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Imported jihad: How non-Muslim powers armed Muslim groups to fight their wars in the name of Islam

Nadeem F. Paracha tells us why anti-Soviet jihad was not the first time non-Muslim powers had stirred up the idea of jihad to counter a common enemy. The first well-documented episode in this respect took place during the First World War (1914-1918).

 

The respected ideologue of the Jamat-i-Islami (JI) Professor Khurshid Ahmed in America and Unrest in the Muslim World, wrote that the policy of siding with the United States during the Cold War was a mistake by ‘Islamic forces’.

Across the 1960s, 1970s, and, a lot more fervently in the 1980s, various Islamic outfits in Muslim countries were frequently castigated by those on the left for taking up the West’s fight against Soviet communism, and (in the Arab world) against hybrid leftist innovations such as Arab nationalism.

Although JI’s founder and scholar, Abul Ala Maududi had explained this as a tact partnership between ‘believers’ (Muslims and Christians) against ‘non-believers’ (the communists), many years later his contemporary, Ahmad, confessed that the idea was largely flawed.

It is interesting to note that Maududi, a prolific writer, was as suspicious of secularism as he was of communism and socialism. But he saw the mentioned partnership as one which was between Muslim and Christian powers, and not between Muslims and the secular West.

 

Abul Ala Maududi (second left).

Nevertheless, Professor Ahmad, in his reassessment of JI’s policies during the Cold War, lamented the folly of siding with the West. But he did not ponder whether this also meant that the Islamic groups instead should have sided with the Soviet Union and leftist outfits.

Ahmad wrote that the Islamic groups had committed a tactical error which helped the West eliminate the Soviet Union and move a lot more freely to overwhelm the economic, political and social resources of Muslim countries. It is admirable that a scholar from a steadfast right-wing religious outfit would expose his party to self-criticism, but the way out from the quagmire it found itself in after the end of the Cold War is not quite as well thought-out by him as is his self-deprecation.

Ahmad advises that the Islamic community (ummah) must now “purify its ranks and become a homogenous community that can mobilise against the “American-Zionist-Hindu plot (to subdue the Muslim world)”. However, he does not quite explain exactly what would be the nature of the procedure which would “purify the ranks”. He argues that the Islamic forces had helped an ally wipe out Godless communism but were betrayed once the Soviet Union collapsed.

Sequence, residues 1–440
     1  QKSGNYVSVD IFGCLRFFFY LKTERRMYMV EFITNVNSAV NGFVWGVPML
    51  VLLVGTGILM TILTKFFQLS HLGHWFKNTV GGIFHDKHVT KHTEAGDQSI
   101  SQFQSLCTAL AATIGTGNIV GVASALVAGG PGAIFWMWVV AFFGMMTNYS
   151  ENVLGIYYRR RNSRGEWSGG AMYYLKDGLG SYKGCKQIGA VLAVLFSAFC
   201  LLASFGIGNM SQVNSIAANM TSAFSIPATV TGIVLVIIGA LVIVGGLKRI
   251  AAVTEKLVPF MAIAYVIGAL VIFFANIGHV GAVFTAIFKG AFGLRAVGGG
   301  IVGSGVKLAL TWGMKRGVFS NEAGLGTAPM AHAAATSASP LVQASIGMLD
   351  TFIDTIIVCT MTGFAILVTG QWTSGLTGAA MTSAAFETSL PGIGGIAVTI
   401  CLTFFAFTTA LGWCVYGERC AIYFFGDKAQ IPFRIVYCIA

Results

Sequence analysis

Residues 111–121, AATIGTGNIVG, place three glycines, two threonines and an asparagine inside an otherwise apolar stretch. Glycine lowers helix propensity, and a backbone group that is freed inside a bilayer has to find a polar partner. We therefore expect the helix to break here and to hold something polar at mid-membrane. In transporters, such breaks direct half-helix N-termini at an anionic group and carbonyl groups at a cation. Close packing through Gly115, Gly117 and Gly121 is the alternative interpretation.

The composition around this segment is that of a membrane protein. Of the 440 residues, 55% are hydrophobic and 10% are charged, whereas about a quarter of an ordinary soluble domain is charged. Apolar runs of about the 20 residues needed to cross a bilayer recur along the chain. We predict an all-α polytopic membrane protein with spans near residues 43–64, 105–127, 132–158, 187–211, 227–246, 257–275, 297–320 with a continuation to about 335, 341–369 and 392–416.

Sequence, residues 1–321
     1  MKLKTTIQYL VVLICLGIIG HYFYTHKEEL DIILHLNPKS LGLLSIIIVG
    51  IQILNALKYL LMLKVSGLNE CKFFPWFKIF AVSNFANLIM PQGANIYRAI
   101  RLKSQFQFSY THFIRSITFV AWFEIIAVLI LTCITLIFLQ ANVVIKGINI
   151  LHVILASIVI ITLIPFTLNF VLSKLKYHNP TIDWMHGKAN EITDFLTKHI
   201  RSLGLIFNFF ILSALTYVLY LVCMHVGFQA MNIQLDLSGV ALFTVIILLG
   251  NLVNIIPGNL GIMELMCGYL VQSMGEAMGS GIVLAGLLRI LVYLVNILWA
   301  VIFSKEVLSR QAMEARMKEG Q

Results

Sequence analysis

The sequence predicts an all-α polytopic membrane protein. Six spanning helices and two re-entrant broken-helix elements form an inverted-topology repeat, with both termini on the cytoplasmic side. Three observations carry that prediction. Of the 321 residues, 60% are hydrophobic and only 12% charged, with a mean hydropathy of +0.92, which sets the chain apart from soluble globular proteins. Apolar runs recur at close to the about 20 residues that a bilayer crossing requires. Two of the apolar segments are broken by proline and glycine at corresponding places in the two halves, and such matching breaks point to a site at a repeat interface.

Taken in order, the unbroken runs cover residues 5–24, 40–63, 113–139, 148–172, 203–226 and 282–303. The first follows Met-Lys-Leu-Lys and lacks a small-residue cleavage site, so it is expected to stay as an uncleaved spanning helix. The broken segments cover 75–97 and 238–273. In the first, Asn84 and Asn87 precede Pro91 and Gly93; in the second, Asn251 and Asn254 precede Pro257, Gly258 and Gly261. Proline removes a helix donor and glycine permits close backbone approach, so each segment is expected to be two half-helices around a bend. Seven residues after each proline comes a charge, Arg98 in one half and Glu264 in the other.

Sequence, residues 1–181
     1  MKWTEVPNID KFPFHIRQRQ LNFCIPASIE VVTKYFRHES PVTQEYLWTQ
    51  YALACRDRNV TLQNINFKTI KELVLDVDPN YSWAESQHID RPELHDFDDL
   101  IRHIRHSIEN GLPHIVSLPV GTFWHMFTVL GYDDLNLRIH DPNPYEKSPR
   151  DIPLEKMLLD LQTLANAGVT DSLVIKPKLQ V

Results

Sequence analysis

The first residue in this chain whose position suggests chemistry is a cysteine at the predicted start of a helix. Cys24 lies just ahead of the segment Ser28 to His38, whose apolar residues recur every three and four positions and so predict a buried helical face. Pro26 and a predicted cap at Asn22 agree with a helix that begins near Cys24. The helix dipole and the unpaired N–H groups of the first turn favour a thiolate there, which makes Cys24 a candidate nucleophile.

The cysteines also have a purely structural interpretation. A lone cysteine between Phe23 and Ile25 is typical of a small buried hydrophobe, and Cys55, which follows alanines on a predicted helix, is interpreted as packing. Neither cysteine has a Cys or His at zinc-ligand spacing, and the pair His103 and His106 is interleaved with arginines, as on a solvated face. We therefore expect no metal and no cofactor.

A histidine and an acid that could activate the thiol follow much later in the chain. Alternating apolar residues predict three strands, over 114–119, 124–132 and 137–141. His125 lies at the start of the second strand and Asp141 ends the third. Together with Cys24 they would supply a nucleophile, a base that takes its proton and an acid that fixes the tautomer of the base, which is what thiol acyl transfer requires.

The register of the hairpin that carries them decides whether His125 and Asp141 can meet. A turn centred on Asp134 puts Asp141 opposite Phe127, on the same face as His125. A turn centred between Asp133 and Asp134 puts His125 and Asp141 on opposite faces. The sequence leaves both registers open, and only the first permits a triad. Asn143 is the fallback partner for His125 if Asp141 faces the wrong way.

Such forces were electorally feeble (maybe except Egypt’s Muslim Brotherhood). Weaker forces in such a context are usually willing to derive power from outside after they fail to find it from within. And when they do gain it from within, it usually comes in the shape of patronage from state institutions who are repulsed by the more populist political groups.

Thus, these forces willingly became part of the plans drawn up by the US against its main nemesis, the ‘Soviet bloc’, during the Cold War. They saw such an alliance as an opportunity to gain political prominence.

Much of the combative aspects of the Cold War between the US and the Soviet Union were expressed by proxy outfits (both from the left and the right) operating outside the US and the Soviet Union but backed by the two. But self-interest was also at the heart of those fighting the battle on behalf of these two states.

When JI and other such outfits in various Muslim countries allied themselves with the US, they did so only to bolster their own standing in scenarios in which they were electorally weak or had failed to gather any mass momentum.

The Western sides of the Cold War strengthened these forces (along with conservative Muslim regimes and monarchies). This became convenient to do because, again, weaker forces are usually willing to derive power from outside after they fail to find it from within.